News Ticker

I Was Most Alive with You

In his latest work, Craig Lucas brings the pain and the tedium to a modern version of the Book of Job.

Share your thoughts in the comment section below.

Russell Harvard and Ted Cooley in a scene from Craig Lucas’ “I Was Most Alive with You” (Photo credit: Joan Marcus)

In Craig Lucas’s I Was Most Alive with You, two down-on-their-luck television writers mine recent personal tragedy for their latest project, hoping, with the Book of Job as their inspirational guide, to set both their careers and the universe in order. Although suffering has touched each of them, Ash (Michael Gaston), a late middle-aged recovering alcoholic in a bad marriage, is the much more forlorn figure. Like Job, Ash has hit one of those rough patches in life, where, if you’re a person of faith, you might start to suspect that your higher power doesn’t like you very much.

Of course, wondering why a supposedly loving supreme deity does nothing to help you through your earthly pain, is well-trod dramatic territory, which to be compelling either requires a playwright with a serious theological grounding or someone capable of turning the entire subject on its head. Unfortunately, Lucas takes a decidedly reductive route, turning the Abrahamic religions into more than two hours of tired platitudes for his thinly drawn characters to mouth.

Doubling down on the faux profundity with a loopy, and needlessly complicated, framing structure, Lucas presents the majority of the play’s action as a flashback of the last few calamitous months. As episodically retold by Ash and his writing partner Astrid (Marianna Bassham) for their pieced-together script, the immiseration begins on Thanksgiving Day with a trip to grandma’s house, where Ash and his wife Pleasant (Lisa Emery), a loud, obnoxious atheist (her name is ironic, get it?), are set to celebrate the holiday with their proudly deaf son Knox (Russell Harvard) and his not-so-proudly-deaf boyfriend Farhad (Tad Cooley). Also along for the bumpy night are grandma’s friend Mariama (Gameela Wright), and Astrid herself, who Pleasant perceptively believes has a thing for her husband–and vice versa.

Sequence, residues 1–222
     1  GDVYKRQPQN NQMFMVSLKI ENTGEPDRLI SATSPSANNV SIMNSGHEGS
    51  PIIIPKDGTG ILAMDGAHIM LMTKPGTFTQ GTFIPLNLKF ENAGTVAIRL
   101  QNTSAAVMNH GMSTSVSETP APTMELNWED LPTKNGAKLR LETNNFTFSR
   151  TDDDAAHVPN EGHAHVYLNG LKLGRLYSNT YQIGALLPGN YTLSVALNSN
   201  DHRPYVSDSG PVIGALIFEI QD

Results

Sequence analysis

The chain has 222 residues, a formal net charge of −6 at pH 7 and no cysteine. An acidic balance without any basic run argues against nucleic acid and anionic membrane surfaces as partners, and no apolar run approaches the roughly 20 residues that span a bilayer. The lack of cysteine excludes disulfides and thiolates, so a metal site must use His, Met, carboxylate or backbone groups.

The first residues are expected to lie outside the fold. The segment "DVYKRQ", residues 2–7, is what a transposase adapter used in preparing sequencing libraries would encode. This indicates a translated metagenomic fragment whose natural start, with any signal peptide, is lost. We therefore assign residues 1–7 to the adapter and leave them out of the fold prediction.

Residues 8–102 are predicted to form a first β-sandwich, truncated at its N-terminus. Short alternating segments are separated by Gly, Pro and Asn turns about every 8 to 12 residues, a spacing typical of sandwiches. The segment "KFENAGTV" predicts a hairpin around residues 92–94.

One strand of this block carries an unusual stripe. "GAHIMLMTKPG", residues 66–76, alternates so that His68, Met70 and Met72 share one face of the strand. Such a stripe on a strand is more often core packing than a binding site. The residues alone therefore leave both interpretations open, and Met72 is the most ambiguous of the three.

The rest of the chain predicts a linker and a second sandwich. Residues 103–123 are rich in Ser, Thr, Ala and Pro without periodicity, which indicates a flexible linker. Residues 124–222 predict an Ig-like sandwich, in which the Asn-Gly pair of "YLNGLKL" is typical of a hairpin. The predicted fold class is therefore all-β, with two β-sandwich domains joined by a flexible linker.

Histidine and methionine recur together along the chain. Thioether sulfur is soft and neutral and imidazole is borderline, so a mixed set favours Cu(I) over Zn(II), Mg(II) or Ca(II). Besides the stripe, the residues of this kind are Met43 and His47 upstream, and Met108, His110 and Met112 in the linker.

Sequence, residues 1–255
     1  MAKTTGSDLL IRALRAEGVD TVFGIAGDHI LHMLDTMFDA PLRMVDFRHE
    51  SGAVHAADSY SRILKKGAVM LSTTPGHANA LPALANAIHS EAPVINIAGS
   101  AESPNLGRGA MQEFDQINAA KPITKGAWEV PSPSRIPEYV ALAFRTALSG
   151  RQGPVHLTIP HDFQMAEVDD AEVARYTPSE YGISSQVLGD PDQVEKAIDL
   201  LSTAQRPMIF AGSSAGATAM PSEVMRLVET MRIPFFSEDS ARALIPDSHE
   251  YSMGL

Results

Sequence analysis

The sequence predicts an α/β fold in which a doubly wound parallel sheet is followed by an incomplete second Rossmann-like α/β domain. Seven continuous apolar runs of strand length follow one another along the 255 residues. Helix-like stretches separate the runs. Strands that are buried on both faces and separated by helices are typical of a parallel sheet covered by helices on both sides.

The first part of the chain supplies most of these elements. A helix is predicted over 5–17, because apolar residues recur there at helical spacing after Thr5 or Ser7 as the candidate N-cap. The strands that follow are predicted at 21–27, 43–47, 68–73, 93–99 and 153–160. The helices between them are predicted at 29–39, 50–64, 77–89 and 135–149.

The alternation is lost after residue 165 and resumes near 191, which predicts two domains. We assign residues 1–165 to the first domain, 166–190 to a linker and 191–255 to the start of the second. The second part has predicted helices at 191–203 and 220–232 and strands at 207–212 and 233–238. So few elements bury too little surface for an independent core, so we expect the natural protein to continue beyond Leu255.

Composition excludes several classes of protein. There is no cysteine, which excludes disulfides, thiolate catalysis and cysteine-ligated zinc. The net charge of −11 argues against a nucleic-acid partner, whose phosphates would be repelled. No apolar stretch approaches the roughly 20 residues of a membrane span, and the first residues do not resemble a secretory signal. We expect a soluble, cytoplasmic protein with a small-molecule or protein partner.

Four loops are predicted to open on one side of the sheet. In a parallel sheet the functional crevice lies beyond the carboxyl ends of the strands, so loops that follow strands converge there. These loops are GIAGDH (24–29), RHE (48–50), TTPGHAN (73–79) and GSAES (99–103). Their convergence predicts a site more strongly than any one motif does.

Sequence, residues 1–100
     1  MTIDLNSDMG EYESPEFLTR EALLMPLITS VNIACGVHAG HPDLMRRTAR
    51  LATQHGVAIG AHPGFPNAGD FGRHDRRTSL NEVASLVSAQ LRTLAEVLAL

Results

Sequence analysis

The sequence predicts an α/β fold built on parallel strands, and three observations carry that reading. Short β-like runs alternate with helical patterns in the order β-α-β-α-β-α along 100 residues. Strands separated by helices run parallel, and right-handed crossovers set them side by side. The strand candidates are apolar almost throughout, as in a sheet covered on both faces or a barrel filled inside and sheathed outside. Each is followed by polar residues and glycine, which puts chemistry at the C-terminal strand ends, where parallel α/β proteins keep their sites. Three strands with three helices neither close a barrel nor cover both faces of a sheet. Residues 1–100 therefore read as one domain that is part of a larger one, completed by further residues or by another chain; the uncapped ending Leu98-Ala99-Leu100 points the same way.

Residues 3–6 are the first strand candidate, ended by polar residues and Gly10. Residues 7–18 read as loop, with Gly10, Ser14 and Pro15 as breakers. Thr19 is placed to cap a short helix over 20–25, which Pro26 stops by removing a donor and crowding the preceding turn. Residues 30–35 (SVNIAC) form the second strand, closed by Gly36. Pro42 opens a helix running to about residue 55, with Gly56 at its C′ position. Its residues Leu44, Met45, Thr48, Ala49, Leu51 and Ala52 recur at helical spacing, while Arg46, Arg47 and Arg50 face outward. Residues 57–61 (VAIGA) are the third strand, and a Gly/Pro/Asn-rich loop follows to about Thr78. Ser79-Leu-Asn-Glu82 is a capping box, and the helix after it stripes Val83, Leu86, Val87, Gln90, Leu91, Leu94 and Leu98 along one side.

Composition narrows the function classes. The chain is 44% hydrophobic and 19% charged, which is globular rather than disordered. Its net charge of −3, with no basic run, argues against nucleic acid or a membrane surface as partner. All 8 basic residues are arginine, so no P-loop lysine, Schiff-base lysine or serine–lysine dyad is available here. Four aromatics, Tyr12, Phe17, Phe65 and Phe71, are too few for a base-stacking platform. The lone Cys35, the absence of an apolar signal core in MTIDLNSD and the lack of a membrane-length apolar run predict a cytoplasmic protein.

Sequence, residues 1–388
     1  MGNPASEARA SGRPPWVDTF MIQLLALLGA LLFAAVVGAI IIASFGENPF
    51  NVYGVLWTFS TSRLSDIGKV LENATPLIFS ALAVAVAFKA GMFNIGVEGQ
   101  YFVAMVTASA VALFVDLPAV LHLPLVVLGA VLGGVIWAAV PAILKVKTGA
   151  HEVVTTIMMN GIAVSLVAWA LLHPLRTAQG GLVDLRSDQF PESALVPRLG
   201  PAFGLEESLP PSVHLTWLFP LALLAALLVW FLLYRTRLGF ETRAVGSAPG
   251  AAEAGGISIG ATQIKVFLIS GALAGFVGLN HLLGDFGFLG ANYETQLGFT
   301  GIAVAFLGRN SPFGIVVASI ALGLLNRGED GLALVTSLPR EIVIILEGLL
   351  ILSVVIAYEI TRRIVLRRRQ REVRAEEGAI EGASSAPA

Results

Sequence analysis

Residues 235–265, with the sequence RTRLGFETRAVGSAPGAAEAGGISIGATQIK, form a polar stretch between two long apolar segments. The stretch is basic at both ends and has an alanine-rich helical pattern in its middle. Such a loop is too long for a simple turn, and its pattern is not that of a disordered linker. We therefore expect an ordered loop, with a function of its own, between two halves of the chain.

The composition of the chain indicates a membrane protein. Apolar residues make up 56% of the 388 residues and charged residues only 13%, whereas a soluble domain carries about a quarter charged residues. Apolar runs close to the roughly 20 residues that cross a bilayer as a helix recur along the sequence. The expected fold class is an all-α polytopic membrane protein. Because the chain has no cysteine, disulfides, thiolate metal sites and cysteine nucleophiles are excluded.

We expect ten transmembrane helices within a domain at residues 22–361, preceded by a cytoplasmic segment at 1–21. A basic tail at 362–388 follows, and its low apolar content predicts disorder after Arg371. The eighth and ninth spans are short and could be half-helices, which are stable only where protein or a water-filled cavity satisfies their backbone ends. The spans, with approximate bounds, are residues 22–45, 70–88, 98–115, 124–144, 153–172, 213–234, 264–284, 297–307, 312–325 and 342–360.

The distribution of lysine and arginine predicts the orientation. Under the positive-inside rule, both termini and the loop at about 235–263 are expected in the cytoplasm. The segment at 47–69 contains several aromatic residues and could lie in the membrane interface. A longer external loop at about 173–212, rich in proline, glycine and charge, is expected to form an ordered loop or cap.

In addition to Ash, every other member of this sad lot can also stake a claim to being a Job-like figure: grandma Carla (Lois Smith), who’s not long for this world; Pleasant, who’s not long for her marriage; Astrid, who’s reward for waiting out that marriage might be a front-row seat to Ash’s return to alcoholism; and Mariama, whose emotional hardships greatly eclipse the number of lines she has in the play. Oh, and a couple of these people were victims of a Ponzi scheme by you-know-who, because why not?

The Ensemble of Craig Lucas’ “I Was Most Alive with You” (Photo credit: Joan Marcus)

But it’s Knox, a recovering substance abuser like his dad, who ends up being tormented to a biblically absurd degree. For whatever reason, the Lord seems thoroughly indifferent to Knox’s hard-won sobriety and the peace he has found as a member of the deaf community. So, with nary a warning whisper from on high, Knox falls madly in love with the unstable Farhad, who not only is actively taking drugs but also is disdainful of sign language.